Wisconsin Democrats on Thursday fled the statehouse in an effort to prevent legislators from reaching a quorum and passing a bill put forth by Gov. Scott Walker (R), which would cripple the collective bargaining rights of public unions.
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The move produced a frantic political drama, as state troopers were reportedly sent out to find the fleeing lawmakers and Walker hinted that the National Guard would be called in to fill the void left by protesting union workers.
One Democratic senator told the Associated Press that he and his fleeing colleagues are currently in Illinois.
Their flight further heightened the drama that has surrounded the Wisconsin statehouse this week. On Wednesday there were an estimated 30,000 peacefully rallying in front of the state capitol building, and on Thursday an estimated 25,000 turned out.
Madison public schools are closed for the second day running, as teachers call in sick and students walk out.
Wisconsin is a stronghold of the labor movement -- the birthplace of the American Federation of State, County and Municipal Employees, one of the nation's largest labor unions -- with a long history of successful battles for workers' rights. This is part of the reason the pushback to Walker's bill has been so strong. It's also why, if the bill does pass, the precedent it sets for other conservative governors looking to go after collective bargaining rights is so powerful.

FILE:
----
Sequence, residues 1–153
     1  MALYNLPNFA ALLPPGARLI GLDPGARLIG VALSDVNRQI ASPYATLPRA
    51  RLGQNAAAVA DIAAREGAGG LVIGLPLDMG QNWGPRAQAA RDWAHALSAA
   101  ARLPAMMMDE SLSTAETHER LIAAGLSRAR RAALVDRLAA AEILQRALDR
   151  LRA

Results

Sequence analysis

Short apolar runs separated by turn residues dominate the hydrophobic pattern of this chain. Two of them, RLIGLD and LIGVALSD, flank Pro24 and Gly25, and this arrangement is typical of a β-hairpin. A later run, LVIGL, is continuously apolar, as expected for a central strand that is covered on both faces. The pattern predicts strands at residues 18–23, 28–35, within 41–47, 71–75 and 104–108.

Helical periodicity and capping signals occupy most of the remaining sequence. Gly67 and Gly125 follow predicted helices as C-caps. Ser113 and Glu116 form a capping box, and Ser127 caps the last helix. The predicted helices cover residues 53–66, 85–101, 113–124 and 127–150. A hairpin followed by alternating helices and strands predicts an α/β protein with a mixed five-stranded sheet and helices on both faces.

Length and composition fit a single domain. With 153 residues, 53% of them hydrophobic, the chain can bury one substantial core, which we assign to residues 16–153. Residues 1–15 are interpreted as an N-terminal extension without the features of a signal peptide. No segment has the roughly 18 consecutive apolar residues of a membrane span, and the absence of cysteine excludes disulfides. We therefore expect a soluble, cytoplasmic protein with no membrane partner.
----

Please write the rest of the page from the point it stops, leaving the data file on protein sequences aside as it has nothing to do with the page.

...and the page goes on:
"The attacks on public-sector public bargaining rights are extremely ferocious, and the outcome depends on the magnitude of the fight back," Cornell Professor of Labor Relations Rebecca Givan said. "Other governors are closely watching."
If the bill is passed, Givan said, wages will be frozen and benefits will be slashed. The one flexibility Walker's bill offers for collective bargaining, the ability to bargain over wages, is, in Givan's view, practically meaningless.
"They can bargain over wages but only up to the Consumer Price Index -- that's barely bargaining," she said. "That's just 'we're going to go for scraps.'"
The bill cannot be passed if there is not a single Democrat in the chamber. But even if one is rounded up, and the bill passes the senate, protesters won't stop fighting.
When asked what would happen if the bill goes through, Phil Neuenfeldt, President of the Wisconsin state AFL-CIO, couldn't say. "All I can do is say what the emotion is, what the feelings are," he said. "There are thousands of good and committed people who are not going to let go of this thing. As far as what's going to happen on Monday, I'm not sure. But I can tell you one thing: there's going to be people reacting to this until it turns around."
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